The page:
Verbena Crowley, left, and Sarah Lanier, right, participate in a prayer walk during Camp Dynamite on Wednesday. (Amanda Voisard/For The Washington Post)

FALLING WATERS, W.Va. — On the first night of Vacation Bible School, the giggling campers lined up in a row for a relay race. Their task? Rub their faces in a plate of Vaseline, then stick their nose to a cotton ball and carry the cotton ball hands-free to the opposite wall.

“Ready, set, go!” They set off instantly, smearing their noses gooey with gusto. Intent on emptying her bowl of cotton balls first, every single competitor tore back and forth across the room — even if she had to use a cane or a motorized scooter to do so.

At Vacation Bible School for senior citizens, the games are the same even if the participants are quite a bit older than usual.

Forty-seven seniors, ages 57 to 92, are enjoying a week-long overnight camp in West Virginia — a retreat filled with camp activities and religious instruction just for them.

For more than a dozen years, Pastor Bob Mathieu and his wife, Sharon, have been taking seniors to Camp Dynamite from Congress Heights, where the Mathieus lead Anacostia Gospel Chapel, and from other neighborhoods, mostly in Southeast Washington and Prince George’s County. Subsidized by donors, the trip costs $150 for the seniors and covers transportation to the quiet, leafy campground; a week of housing in motel-style rooms; cafeteria meals; and nonstop activity options.

It’s a respite for many from the stresses of getting older and any number of other challenges in their lives.

Evelyn Boseman, 77, used to come to Camp Dynamite with her husband. They met when she was 16 and spent 57 years together.

This is the first year she’s at camp alone since his death. She arrived toting plastic-and-yarn crosses that she made for every single one of her fellow campers. Sitting outside at a picnic table on a silent moonlit night at camp, she says the retreat is a chance to renew her faith.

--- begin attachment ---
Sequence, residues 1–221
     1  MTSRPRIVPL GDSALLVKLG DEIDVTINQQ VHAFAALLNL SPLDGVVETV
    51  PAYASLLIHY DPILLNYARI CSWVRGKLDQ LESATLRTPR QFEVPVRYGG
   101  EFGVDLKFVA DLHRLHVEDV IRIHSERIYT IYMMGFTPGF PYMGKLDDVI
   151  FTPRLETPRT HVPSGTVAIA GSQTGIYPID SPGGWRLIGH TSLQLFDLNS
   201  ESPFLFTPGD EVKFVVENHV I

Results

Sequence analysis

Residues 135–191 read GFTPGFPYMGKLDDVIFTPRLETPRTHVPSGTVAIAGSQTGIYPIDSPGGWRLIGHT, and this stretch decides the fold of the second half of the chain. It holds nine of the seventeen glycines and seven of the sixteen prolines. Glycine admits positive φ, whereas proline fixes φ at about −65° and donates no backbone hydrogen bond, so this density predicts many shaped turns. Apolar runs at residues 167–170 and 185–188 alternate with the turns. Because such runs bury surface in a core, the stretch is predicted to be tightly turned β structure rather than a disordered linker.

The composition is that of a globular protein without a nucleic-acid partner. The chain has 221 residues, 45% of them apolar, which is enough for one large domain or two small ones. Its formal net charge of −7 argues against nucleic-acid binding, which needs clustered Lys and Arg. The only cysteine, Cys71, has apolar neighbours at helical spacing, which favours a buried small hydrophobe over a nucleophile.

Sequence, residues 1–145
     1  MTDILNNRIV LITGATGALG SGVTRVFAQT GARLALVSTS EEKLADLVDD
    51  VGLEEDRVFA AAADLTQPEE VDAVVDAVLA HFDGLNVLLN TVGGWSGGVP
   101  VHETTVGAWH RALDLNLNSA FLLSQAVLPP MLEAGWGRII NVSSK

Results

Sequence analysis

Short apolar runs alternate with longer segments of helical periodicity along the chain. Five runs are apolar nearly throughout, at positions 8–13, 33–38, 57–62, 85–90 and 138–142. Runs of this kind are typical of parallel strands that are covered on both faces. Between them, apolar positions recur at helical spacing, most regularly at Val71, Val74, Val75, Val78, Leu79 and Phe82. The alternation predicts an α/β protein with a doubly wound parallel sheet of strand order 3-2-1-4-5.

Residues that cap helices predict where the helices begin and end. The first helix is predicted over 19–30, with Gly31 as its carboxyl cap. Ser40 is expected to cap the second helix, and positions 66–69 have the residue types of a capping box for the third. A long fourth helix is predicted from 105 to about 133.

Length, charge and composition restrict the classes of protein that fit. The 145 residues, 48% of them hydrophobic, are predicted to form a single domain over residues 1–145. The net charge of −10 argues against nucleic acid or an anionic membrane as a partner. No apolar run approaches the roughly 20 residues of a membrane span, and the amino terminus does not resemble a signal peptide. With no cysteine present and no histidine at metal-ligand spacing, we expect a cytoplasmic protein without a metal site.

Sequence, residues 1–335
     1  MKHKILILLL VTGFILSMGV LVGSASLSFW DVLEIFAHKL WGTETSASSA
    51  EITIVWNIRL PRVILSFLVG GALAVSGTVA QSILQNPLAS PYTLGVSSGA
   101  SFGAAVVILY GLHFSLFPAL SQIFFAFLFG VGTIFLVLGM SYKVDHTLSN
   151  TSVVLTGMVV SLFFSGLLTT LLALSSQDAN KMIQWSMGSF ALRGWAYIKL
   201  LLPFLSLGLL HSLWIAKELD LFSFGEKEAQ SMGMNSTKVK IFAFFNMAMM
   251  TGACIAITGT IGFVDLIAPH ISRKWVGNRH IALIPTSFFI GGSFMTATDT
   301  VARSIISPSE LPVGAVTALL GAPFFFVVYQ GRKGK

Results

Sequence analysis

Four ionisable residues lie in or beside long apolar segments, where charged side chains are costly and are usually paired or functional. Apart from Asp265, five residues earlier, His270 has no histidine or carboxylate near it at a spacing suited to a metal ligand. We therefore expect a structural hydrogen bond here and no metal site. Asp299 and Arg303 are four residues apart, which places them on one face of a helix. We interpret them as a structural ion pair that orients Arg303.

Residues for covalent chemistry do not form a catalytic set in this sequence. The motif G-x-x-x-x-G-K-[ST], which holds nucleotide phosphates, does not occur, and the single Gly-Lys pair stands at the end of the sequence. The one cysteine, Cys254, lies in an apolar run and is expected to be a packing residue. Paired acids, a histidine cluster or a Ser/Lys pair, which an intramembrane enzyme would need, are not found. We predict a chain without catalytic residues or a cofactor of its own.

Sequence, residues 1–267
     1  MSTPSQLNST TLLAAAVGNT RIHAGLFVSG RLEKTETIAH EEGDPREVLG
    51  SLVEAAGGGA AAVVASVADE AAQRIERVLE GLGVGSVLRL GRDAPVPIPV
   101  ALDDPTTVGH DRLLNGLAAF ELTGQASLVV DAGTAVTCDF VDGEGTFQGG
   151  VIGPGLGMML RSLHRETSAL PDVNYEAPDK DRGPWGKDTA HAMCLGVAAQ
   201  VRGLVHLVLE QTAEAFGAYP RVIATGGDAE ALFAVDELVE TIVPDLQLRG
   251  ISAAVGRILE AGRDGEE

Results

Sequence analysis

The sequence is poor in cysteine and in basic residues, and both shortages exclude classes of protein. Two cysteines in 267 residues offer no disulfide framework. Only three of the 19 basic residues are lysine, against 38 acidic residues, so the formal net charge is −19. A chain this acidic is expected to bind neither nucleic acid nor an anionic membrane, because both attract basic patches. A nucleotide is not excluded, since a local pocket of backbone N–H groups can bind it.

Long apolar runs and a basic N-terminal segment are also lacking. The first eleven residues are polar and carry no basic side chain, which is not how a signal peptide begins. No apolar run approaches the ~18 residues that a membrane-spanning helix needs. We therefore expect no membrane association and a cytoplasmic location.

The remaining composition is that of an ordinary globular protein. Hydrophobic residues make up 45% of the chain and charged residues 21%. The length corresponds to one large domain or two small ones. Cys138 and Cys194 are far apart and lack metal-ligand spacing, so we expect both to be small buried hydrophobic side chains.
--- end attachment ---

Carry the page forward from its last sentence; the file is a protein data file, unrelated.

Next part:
People tell her “I’m sorry for your loss,” but her faith supplies a different viewpoint. “I don’t have any loss. I know where he is.”


Sarah Lanier, 81, sings along as gospel music plays before the start of the formal dinner at Camp Dynamite. (Amanda Voisard/For The Washington Post)

Iris Gibson has had a rough year since she attended Camp Dynamite last summer. Her house in Southeast Washington was foreclosed on, leading her to move in with her adult son, three hours west in Cumberland, Md. It’s been a rocky transition, and when camp came around this summer, she was awash in depression.

“Everyone’s so positive. It saved my life,” she said on the second day of camp, tearing up in the dining hall. “No matter what you’re going through, somebody else has been through something they can tell you. It makes all the difference.”

The Mathieus started taking children from Congress Heights to Camp Dynamite more than 30 years ago; today, their son Bobby runs the operation, at a retreat that Mathieu’s black church rents for two weeks each year from the Assemblies of God, an evangelical denomination that’s almost entirely white and Latino.

At some point, someone suggested a weekend for the senior citizens in the Mathieus’ neighborhood to go to camp, too. The seniors loved it so much that they insisted on a whole week at camp, just like the kids get.

In almost every community in the United States, churches of all different denominations have hosted Vacation Bible School for decades, devoting a week or two each summer to introducing children to Christianity along with the fun of summer camp. But VBS for seniors is rare; the Mathieus are not sure there is any program in the nation quite like Camp Dynamite.